This blog is also published on Science Nordic.
Freed time for women
We have looked at the growing evidence on women’s empowerment through electrification. We also looked at the electricity policies in Kenya, India and Nepal to see if and how they focus on “gender issues” when planning for electricity.
Our first observation is that obtaining access to electricity tends to have a positive effect on the lives of women and girls.It is not fully understood why, but women who have electricity at home spend less time doing physically demanding routine tasks than other women.
The freed time is used in a range of ways. Electrification sometimes facilitates women’s labour participation and their economic productivity at home. Through electricity they also get access to watching television programmes - which in some cases has had the effect of transforming attitudes that discriminate against women, such as reducing acceptance for husbands beating their wives. Access to electricity enhances children’s education in general and girl’s education in particular. Even girls from poor households with electricity gain considerably through higher school enrolment, which nuances the picture that primarily well-off households benefit from electrification.
However, far too little is known about electricity’s effect on women’s decision making power, which is central to our definition of women’s empowerment, captured as the process towards gender equality: women and men’s equal rights; control over resources; and influence on decisions. Some studies show that women’s increased welfare (i.e. reduced drudgery and improved lighting) enhanced their influence on everyday decisions which taken at large can be considered as empowerment. But on the household level, we find no evidence that women gained increased decision-making power in relation to men on matters of major significance such as deciding on whom to marry, or on making large investments. Women who gain employment through electrification are likely to be empowered economically, but without insight into decision-making processes, little is known about the effects on gender relations. The exceptions are cases in which women were given a central role in the supply of electricity. Though also under-researched, there is some evidence that such inclusion leads to changing gender norms and practices in ways that imply empowerment for women.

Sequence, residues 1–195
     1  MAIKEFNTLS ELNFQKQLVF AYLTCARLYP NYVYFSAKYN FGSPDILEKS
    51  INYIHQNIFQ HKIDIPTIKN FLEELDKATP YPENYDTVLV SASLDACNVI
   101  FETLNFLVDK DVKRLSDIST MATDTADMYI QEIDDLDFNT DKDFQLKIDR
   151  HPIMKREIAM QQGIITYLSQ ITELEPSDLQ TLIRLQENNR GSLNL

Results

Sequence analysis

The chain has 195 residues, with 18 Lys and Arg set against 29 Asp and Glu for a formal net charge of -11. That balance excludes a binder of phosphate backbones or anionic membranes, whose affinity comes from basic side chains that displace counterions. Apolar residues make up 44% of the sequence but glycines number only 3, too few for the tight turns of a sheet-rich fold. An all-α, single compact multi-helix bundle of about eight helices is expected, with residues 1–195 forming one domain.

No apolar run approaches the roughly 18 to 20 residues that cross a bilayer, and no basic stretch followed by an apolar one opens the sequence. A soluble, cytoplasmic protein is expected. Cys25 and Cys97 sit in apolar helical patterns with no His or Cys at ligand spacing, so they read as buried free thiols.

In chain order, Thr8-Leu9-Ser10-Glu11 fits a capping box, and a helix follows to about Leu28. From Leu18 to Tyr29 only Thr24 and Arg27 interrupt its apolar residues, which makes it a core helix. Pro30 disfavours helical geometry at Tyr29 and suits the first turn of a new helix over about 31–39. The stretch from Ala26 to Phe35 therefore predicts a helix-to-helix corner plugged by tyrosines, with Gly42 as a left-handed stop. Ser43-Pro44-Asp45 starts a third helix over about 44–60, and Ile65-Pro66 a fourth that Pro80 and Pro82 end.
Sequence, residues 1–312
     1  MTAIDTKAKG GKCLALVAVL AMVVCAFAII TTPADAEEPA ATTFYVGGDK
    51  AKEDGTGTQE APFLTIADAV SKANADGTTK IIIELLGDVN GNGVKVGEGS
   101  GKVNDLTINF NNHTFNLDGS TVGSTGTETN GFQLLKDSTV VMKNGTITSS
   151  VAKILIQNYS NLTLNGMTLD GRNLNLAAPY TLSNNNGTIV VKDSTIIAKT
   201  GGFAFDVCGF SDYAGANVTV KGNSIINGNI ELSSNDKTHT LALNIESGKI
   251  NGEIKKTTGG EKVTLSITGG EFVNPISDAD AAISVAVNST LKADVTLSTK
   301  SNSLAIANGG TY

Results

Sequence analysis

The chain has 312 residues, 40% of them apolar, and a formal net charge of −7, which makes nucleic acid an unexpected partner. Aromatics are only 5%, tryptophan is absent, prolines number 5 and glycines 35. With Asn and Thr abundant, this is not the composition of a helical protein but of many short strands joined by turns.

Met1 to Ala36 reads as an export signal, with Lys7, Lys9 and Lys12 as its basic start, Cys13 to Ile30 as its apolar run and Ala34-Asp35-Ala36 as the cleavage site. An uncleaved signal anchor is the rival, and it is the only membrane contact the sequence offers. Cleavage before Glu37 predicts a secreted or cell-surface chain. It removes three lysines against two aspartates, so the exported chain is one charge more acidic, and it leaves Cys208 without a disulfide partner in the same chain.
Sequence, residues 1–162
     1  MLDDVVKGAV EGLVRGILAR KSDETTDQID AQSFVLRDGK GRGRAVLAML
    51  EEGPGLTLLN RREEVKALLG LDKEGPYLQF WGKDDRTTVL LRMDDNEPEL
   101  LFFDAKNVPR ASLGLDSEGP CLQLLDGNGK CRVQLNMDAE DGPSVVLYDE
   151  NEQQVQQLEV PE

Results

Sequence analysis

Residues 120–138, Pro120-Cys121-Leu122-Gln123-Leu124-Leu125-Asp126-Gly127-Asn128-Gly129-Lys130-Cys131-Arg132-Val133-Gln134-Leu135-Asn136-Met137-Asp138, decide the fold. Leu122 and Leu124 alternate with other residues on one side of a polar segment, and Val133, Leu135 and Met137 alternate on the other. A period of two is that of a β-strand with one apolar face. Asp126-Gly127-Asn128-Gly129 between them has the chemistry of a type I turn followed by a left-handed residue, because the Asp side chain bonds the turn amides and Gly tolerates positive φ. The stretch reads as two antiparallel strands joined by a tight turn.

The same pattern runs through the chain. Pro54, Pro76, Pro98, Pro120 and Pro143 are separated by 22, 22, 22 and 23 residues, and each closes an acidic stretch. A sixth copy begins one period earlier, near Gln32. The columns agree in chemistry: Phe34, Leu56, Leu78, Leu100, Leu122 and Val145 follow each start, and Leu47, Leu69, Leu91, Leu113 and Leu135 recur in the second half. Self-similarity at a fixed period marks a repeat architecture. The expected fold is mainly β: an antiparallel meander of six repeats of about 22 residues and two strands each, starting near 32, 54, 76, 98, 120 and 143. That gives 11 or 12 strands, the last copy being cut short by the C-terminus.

The explanations for electricity’s effects remain unclear
Our second observation is that the explanations for electricity’s effects remain unclear, and this derives from conceptual ambiguity (e.g. what is ‘empowerment’?) and a lack of contextualised treatment of results. This problem becomes even more obvious when contradictory results are found, for example when electric light is used by children for doing homework in one context but not in another. What explains such differences? And what could be done to enhance electricity’s positive effects in each place? We argue that there is a need for ethnographic studies for understanding the mechanisms that cause electricity’s various effects. The lack of focus on contextual factors and causal explanations hinders aggregation of knowledge in this field. For policy makers, it implies that their knowledge base is limited in terms of what kinds of policies and interventions work most effectively to empower women and girls through electrification.
Most global initiatives and policies are gender blind
Thirdly, our scoping study raises the question to what extent policy has made itself relevant as a tool to promote women’s empowerment thorough electrification. It is interesting that international actors tend to have a strong influence on promoting strategies for women’s empowerment; however, whilst such actors are involved in supporting electrification policy and programmes, the effects of gender mainstreaming efforts are less obvious. Our policy review of global initiatives such as Sustainable Energy for All and national electricity policies in Kenya, India and Nepal reveals that most initiatives and policies are gender blind. Crucial to research, it appears that a lack of evidence of the potential effects of gender initiatives (and let alone the lack of gender sensitive statistics) hinder their further elaboration and realisation.
These insights have fed into the design for the next phase of our research which will focus on the impact of concrete interventions in Kenya, India and Nepal. We definitely look forward to further untangling this complex web in our research in 2016 and 2017!
The research is funded by the UK Department for International Development (DfID) through the Energy and Gender Research Programme which is coordinated by ENERGIA
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